I’m always listening to the ultimate guitarist, Django Reinhardt and one of my favorite bands, Massive Attack. I just got a collection of Bach Cello Suites by a guy named Pablo Casals that are really fantastic, and I’ve been really digging music by Mr. Squirrel, a friend of a friend. So much good ambience and grooves.

What is the role of music in our society (as in, what SHOULD it be?)

This is a tough question. I think everyone is qualified to answer this in his or her own way, but without getting too poetic, I think music is an outlet and a catalyst for functions nothing else can perform. Music can cement memories to sounds, influence our emotions and moods, and provide a creative way to express feelings we can’t get out otherwise. To nerd out for a bit, I study neuroscience at school and I find nonlinear acoustics, binaural audio and music psychology in general really fascinating. They’re all concepts that examine these influential effects on a scientific level. Naturally, I’ve experimented with introducing some of these concepts into my own music.

Some of your tracks sound like they would make great soundtracks for films. If you got a chance to do the soundtrack for a film, what type of films would you want to work on?

I get the “film music” or “cinematic” description a lot and it really pleases me. Film composers like Eric Serra, Cliff Martinez, Vangelis and Zack Hemsey have been big influences on me, as well as the way some films use music by other artists–Massive Attack in the Matrix comes to mind. “Epic” scores are great and all (who doesn’t love massive timpani and string sections?), but I’m really impressed by composers who can create a unique vibe and atmosphere for the film in a more subtle and defined way.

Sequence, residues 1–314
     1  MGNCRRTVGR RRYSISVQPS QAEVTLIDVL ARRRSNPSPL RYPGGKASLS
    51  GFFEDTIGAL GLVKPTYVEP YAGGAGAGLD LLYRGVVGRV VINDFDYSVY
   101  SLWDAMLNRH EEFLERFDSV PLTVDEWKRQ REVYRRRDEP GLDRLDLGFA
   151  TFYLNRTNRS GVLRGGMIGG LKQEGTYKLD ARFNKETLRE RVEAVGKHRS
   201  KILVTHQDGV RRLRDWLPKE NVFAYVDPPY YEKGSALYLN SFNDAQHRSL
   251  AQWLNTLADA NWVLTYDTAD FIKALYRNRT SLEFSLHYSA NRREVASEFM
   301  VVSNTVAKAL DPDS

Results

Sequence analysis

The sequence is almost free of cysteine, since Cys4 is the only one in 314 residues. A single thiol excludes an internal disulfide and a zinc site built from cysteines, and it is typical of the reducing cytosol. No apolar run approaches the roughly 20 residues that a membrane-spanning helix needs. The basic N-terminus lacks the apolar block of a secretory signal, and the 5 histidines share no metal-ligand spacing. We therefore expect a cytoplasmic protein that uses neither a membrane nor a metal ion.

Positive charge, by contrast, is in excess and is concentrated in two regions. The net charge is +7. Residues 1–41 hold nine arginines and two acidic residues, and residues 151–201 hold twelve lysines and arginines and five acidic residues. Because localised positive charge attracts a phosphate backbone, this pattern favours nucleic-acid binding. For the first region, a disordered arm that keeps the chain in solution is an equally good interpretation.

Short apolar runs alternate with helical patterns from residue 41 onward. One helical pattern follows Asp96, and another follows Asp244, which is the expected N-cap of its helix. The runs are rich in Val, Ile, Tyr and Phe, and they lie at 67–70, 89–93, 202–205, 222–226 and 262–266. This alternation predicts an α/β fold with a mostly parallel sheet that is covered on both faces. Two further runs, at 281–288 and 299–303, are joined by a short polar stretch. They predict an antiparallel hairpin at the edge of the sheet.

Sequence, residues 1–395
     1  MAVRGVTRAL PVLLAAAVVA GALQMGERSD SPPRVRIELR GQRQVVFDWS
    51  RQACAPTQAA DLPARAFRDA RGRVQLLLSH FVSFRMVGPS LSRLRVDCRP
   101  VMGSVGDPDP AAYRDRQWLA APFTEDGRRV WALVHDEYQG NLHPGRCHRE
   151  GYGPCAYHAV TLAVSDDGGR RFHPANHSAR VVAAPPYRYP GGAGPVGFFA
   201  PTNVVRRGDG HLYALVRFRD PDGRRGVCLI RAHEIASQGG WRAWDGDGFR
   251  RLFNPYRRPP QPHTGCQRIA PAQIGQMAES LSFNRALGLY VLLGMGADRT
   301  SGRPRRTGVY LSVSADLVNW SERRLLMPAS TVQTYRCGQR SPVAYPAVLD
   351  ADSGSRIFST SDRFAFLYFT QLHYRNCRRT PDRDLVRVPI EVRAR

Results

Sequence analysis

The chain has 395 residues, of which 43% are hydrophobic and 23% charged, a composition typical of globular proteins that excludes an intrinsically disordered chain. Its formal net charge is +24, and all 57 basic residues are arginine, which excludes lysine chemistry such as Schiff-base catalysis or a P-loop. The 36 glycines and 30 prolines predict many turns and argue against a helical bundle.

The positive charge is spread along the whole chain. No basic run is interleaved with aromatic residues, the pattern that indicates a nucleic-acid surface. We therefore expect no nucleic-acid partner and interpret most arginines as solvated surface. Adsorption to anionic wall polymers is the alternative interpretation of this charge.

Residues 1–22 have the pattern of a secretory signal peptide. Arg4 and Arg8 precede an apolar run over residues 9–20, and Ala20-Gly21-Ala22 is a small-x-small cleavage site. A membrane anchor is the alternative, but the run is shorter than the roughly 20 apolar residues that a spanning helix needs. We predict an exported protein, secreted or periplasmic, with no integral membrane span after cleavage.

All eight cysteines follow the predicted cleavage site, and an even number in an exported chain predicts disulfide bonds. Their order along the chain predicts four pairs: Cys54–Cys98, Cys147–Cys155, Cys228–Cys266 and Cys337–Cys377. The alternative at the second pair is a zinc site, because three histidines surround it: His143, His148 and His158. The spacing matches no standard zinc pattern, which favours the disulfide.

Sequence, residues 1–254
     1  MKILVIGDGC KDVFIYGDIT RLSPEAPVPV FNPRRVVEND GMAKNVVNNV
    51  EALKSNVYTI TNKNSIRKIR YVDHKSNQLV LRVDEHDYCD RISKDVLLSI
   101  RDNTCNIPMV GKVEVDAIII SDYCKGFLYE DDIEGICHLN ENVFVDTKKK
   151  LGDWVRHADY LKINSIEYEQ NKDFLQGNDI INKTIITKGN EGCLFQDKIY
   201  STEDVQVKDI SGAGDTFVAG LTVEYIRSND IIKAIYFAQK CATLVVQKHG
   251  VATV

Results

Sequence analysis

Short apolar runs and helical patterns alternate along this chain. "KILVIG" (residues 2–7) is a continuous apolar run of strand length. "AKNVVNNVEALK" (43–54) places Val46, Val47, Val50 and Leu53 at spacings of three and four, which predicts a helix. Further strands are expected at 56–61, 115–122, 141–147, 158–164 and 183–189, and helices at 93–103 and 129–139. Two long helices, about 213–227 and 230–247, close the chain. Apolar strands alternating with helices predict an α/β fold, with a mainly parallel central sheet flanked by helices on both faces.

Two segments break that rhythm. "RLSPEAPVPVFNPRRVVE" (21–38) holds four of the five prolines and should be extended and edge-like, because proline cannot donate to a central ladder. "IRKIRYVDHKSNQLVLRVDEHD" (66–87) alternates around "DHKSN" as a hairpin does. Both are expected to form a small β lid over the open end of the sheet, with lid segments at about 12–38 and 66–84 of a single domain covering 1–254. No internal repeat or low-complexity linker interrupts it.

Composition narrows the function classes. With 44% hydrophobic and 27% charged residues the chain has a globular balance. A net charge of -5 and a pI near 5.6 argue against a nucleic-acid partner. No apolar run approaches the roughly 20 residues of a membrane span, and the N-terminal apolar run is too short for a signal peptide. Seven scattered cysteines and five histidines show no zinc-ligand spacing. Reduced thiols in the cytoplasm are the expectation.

I’m a big sci-fi and art house fan, so I think it would be great to work on anything like that. At this point in the game I’d be happy to put my work in anything cool and well done though. I was working with an indie film maker for a bit, but the project sort of fizzled out.

Where do you see music going in the next ten years?

If I could answer this well, I’d probably be making more money! I think the idea that major labels are going to disappear is pretty silly; they just need to get acquainted with the new and evolving model, as everyone does, and they’ll be going strong again. I think sites like Bandcamp are doing something really great for indie musicians by giving them a great amount of the profit and control.

Additionally, I think a lot of people have this perspective that oversaturation in the indie world with music/writing/whatever, is a bad thing. Though the tools are easier to use for everyone now and there’s less entry barriers, the real talent will always shine through and it’s easier for artists to connect with their fans and vice versa than ever. So hopefully the next ten years will show more success for the indie models and a refinement of what they are. And hopefully the next albums by Portishead and Tool will be out by then!

And the bonus question: Skrillex, Brian Eno and Kraftwerk walk into a bar after going to see Can play. They sit down next to you at the bar and start talking about music. Who would you spend the most time talking to, and what would you talk about?

I would most definitely be fascinated by Brian Eno first and foremost. I’d probably pick his brain on ambient music, composition techniques and nerdy musician stuff. I couldn’t ignore Kraftwerk either! I’d have to wax philosophical and let them do the talking. Skrillex, I’d probably say hello and be on my way. I suppose I could ask if he needs help picking up all that bass he dropped too.

(If you liked what you heard, Toma is available to teach guitar, both in person and via Skype. Here’s a link to his promo videos…)